Golden Globes 2020: The highs, the lows and the head-scratchers

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By Ethan Alter and Raechal Shewfelt | Yahoo

The 77th Golden Globes officially kicked off the 2020 awards season with a star-studded telecast filled with surprises, tears and “what the heck just happened?” moments. In other words, it was business as usual for the Hollywood Foreign Press Association’s annual party, which is always a reliable source of memorable highlights and even more memorable lowlights. Here’s Yahoo Entertainment’s recap of the night’s best, worst and most confounding moments.

HIGH: Kate McKinnon walked so Ellen DeGeneres could run

The emotional high point of this year’s telecast came early on in the evening, when Saturday Night Live’s comic superstar Kate McKinnon got seriously personal when she introduced Ellen DeGeneres — this year’s recipient of the Carol Burnett Award for career achievement in television. “In 1997, when Ellen’s sitcom was at the height of its popularity, I was in my mother’s basement lifting weights in front of the mirror and thinking, ‘Am I… gay?’ And I was,” said McKinnon, who made history as SNL’s first openly lesbian cast member. “That’s a very scary thing to suddenly know about yourself. … And the only thing that made it less scary was seeing Ellen on TV.”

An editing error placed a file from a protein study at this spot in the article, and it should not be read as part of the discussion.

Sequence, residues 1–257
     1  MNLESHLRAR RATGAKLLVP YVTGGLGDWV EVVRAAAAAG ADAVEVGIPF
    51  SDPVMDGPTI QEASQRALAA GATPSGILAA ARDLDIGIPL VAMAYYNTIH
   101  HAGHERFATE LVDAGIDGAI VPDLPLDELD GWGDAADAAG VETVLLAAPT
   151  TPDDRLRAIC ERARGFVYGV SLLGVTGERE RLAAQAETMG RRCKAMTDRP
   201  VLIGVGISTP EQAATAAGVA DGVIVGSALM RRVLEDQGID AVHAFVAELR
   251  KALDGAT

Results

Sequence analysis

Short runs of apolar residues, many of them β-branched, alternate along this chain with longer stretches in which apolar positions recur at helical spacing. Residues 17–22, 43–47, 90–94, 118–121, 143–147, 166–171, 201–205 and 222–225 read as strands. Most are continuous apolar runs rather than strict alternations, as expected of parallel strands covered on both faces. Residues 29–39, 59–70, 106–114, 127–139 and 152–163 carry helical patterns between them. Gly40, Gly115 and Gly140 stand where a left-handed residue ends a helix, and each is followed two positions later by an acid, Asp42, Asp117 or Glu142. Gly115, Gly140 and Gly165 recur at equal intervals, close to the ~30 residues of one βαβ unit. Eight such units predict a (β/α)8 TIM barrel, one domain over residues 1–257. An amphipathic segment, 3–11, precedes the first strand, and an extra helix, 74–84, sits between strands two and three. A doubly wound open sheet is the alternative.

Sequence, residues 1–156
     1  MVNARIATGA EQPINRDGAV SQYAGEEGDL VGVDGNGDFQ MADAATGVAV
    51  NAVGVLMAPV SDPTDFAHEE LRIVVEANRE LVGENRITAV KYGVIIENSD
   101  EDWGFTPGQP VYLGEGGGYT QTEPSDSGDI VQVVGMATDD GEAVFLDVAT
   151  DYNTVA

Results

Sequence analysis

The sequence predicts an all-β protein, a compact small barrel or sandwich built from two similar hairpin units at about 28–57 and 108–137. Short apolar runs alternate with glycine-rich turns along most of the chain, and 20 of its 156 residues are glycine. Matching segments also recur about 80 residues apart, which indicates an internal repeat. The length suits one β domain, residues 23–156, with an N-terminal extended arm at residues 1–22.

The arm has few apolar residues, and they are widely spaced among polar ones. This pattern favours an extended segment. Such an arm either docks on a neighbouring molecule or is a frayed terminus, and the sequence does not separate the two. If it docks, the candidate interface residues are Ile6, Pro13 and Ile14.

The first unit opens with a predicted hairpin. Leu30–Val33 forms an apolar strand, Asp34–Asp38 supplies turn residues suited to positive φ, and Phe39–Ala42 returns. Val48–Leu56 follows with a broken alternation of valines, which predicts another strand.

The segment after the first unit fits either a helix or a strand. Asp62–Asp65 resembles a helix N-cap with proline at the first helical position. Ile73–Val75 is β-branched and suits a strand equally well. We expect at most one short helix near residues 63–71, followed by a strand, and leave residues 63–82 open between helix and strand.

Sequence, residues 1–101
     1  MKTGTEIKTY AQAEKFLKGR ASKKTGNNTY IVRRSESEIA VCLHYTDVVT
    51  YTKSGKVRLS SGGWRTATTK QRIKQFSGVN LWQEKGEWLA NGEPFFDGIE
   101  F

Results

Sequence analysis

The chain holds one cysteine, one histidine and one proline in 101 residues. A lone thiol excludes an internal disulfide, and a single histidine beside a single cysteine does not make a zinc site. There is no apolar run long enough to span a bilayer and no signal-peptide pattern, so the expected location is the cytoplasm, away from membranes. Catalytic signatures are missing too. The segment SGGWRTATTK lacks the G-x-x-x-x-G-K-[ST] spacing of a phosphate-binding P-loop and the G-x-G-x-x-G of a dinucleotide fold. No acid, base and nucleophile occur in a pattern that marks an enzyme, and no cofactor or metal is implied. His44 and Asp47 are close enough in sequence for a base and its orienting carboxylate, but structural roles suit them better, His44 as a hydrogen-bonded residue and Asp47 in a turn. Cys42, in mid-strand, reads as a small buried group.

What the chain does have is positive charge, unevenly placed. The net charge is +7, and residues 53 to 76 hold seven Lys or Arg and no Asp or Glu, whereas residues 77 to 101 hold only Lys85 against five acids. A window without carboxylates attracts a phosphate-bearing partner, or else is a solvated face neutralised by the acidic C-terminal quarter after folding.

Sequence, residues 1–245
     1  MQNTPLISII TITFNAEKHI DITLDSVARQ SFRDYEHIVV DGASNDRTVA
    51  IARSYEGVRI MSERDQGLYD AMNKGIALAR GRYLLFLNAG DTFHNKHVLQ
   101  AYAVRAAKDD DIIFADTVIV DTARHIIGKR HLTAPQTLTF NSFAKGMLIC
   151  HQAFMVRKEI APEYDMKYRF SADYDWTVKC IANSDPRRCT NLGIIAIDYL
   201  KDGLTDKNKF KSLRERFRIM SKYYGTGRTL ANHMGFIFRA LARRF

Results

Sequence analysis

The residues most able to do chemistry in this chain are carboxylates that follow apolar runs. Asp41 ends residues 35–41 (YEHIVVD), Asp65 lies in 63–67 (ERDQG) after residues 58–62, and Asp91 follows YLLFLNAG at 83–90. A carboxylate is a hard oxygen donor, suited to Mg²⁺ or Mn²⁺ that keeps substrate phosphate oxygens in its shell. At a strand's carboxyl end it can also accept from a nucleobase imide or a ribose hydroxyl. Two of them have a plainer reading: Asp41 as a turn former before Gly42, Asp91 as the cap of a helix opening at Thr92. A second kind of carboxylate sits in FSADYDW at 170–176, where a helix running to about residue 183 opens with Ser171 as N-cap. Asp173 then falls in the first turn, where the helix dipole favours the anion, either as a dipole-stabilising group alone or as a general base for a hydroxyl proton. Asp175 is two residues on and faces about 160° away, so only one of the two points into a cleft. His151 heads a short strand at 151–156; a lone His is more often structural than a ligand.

DeGeneres picked up the emotional baton when she took the stage to a tidal wave of applause. “All I ever wanted to do was make people feel good and laugh and there’s no greater feeling than when someone tells me I’ve made their day better with my show or that I’ve helped them get through a sickness or a hard time with their lives,” DeGeneres said, visibly moved. “That is the power of television and I’m so, so grateful to be a part of it.”

LOW: Ricky Gervais is more snoozy than shocking

At the turn of the 21st century, Ricky Gervais was the toast of Hollywood thanks to his beloved U.K. series The Office. Flash-forward to 2020, and it’s clear he has overstayed his welcome. In his fifth — and final (we think) — outing as Golden Globes host, the comic went after Hollywood with barely disguised contempt, and the audience in the room mostly responded in kind. While it was admittedly refreshing to hear someone call out industry hypocrisy and self-importance (not to mention poke ribald fun at a legend like Judi Dench), Gervais’s own self-importance as some kind of “voice of truth” wound up puncturing a lot of his punchlines. “I don’t care anymore,” the host said at one point. We could tell — he all but disappeared from the show for the last 45 minutes. 

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